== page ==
That can be a fair observation. There are certainly some adamant cheerleaders. I'm mostly surprised that people who understand "investing" and have a place in their portfolio for a speculative hedge investment (and certainly not everyone has that bucket) wouldn't put some of it in crypto. Let's say you have a $1 million in your portfolio and you allocation 10% of that to speculative stocks. So right now you're spending that $10,000 on SPACs and Pink Sheet Biotechs that Chet from the internet recommended. Doesn't it make sense to put $2-3k of that money into crypto related investments? Even if you're not sure it is anything more than a ponzi scheme? Not as a FOMO, but as a hedge that you are wrong? Or are you so certain that your assessment of this brand new asset class is completely correct?

Maybe it's just me.

That all seems completely fair.  I don’t put money into any of those things - so for me it’s a simple choice (right now).  But in the situation you describe, it is a very fair question.

Thanks for taking the time to offer a thoughtful reply!

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40 minutes ago, ConstruxBoy said:

Of course. Certainly respect your opinions on the matter. 

My opinions are very much uninformed!  Which is why I'm asking this group.   Truly, thank you.


Unrelated aside, I have a few co-workers who are....not terribly smart.....getting really into day trading.   One of them is very excited about Bitcoin.  When I asked him about the "mining" of Bitcoin....it became clear that he imagines someone physically mining for an actual precious metal, like gold mining.  It was disturbing.   (this was the same young co-worker who was buying Game Stop because he wanted to stick it to the fat cats on Wall St......)

I realize most people in crypto currencies aren't like my co-worker.  It just reminds me an awful lot of tech stocks in 1999.

 

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1 hour ago, Alex P Keaton said:

My opinions are very much uninformed!  Which is why I'm asking this group.   Truly, thank you.


Unrelated aside, I have a few co-workers who are....not terribly smart.....getting really into day trading.   One of them is very excited about Bitcoin.  When I asked him about the "mining" of Bitcoin....it became clear that he imagines someone physically mining for an actual precious metal, like gold mining.  It was disturbing.   (this was the same young co-worker who was buying Game Stop because he wanted to stick it to the fat cats on Wall St......)

I realize most people in crypto currencies aren't like my co-worker.  It just reminds me an awful lot of tech stocks in 1999.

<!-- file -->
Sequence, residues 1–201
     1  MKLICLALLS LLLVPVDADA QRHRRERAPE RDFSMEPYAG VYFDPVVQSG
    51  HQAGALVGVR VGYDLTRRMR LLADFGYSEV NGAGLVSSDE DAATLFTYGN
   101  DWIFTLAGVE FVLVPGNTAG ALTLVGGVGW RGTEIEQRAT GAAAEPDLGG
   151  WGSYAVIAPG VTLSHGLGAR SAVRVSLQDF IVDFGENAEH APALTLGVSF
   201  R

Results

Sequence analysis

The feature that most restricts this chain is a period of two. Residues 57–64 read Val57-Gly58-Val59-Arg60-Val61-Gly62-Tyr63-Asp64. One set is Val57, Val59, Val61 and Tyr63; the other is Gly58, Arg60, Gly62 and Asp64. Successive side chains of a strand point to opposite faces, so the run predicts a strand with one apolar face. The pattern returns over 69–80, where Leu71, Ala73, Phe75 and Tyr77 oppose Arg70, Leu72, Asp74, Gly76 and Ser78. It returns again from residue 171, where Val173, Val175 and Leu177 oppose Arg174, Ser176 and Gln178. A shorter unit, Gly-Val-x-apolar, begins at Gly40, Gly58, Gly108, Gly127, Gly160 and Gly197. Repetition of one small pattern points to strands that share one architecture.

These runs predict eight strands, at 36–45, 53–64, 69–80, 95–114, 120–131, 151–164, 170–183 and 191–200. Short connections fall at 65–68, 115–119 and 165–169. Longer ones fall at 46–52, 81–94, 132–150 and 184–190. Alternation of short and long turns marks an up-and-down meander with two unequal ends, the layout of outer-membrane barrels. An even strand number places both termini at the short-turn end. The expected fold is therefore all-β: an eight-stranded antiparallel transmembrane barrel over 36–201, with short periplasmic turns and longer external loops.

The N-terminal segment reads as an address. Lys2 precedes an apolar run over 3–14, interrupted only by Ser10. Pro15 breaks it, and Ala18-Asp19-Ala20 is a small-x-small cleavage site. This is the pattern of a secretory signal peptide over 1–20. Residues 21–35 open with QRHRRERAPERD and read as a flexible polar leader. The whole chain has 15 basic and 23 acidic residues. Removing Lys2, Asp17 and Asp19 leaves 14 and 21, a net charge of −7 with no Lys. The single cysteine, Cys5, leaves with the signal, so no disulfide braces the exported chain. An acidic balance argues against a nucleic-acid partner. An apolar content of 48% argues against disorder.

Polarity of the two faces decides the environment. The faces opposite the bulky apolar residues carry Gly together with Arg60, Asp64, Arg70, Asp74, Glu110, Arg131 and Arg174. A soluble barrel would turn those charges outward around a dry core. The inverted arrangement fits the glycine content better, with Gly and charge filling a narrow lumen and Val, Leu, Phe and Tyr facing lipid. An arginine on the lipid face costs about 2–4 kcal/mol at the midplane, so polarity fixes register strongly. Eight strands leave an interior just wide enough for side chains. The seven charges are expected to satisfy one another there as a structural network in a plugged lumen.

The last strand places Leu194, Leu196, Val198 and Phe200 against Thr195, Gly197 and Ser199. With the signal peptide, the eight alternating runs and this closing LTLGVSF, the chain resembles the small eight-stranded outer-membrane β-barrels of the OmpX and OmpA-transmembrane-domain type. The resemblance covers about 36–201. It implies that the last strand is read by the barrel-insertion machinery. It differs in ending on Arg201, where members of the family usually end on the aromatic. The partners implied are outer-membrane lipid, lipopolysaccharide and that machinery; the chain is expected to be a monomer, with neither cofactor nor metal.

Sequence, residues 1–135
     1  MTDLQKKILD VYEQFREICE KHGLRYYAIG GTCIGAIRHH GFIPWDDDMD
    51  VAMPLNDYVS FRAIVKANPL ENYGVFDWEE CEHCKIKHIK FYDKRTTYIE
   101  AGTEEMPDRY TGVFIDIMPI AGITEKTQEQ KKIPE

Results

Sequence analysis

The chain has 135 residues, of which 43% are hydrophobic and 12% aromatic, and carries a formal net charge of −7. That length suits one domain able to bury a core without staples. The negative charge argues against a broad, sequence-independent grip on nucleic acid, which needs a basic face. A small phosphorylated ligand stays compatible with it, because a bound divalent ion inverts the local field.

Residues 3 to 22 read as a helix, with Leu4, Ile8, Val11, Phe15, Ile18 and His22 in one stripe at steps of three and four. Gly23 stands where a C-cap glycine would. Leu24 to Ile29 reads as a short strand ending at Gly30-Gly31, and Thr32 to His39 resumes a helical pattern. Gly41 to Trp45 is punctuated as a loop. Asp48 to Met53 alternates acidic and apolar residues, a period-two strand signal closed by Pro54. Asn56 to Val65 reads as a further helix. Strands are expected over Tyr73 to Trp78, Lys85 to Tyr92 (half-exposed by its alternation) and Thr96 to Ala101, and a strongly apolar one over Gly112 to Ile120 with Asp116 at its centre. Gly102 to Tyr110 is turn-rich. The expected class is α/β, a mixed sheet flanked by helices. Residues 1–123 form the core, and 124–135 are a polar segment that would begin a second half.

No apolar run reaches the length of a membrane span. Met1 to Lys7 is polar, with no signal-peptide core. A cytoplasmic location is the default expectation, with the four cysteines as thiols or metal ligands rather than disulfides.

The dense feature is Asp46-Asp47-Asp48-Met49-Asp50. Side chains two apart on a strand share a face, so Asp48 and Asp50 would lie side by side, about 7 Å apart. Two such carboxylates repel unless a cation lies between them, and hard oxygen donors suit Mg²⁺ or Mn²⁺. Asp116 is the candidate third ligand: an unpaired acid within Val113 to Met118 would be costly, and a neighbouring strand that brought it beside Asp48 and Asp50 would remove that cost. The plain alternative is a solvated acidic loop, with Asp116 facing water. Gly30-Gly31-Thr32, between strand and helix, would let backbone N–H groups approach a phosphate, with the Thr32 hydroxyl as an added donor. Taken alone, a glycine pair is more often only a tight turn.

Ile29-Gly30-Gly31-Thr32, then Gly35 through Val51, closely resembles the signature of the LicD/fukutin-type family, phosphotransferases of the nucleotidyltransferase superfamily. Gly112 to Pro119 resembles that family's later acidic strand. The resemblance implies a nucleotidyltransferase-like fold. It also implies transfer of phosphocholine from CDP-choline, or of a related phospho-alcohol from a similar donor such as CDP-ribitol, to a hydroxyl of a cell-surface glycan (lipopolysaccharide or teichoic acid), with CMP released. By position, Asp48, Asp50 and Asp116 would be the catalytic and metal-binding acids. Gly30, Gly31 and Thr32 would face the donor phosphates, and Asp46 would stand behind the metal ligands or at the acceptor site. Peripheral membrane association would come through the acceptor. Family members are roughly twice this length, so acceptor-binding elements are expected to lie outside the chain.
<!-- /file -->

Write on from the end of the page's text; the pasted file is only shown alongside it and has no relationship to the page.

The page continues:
Yeah, it's funny. I was trying to explain it to my wife at lunch today and she's very smart and it was still a little iffy on whether she got it. Certainly a tough process to imagine and I can't explain all the technical details, although I do ok. 

As I said, I understand it well enough to feel safe investing but not well enough to explain to other people in great technical detail. 
Of course, that's true of a number of tech and biotech stocks I own, so...

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8 hours ago, ConstruxBoy said:

It's funny that a lot of "professional" money managers are very negative or disgusted about crypto. We've seen it a little bit in this thread and the stock thread. I get them disagreeing with it and wanting to warn people or spread their opinion. But there is a reasonable, logical way to do that and reasonable concerns with crypto. Instead, there is an almost palatable anger, almost like when you say something to a person that is close to the truth and they lash out at you. 

Odd. 

I think one of the reasons may be because of their ability to access it for their clients.  I know my Raymond James broker was prohibited from even putting GBTC in his clients portfolios as recently as October.  So an investment class where access is sketchy at best but likely taking dollars away from vehicles they do have at their disposal...it’s not unexpected they’d have a jaded view.

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If I worked money professionally and talked smack about  BTC for 10 years and started doing the Math and realized a 10k investment would mean I’d be retired living on the ocean I’d be salty too

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Decided to add some $ to my BlockFi account this weekend to take advantage of the dip. Of course, by the time it clears, and I can buy, btc will probably be back into the mid 50's.

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5 minutes ago, brun said:

Decided to add some $ to my BlockFi account this weekend to take advantage of the dip. Of course, by the time it clears, and I can buy, btc will probably be back into the mid 50's.

Thanks for the bump then :thumbup: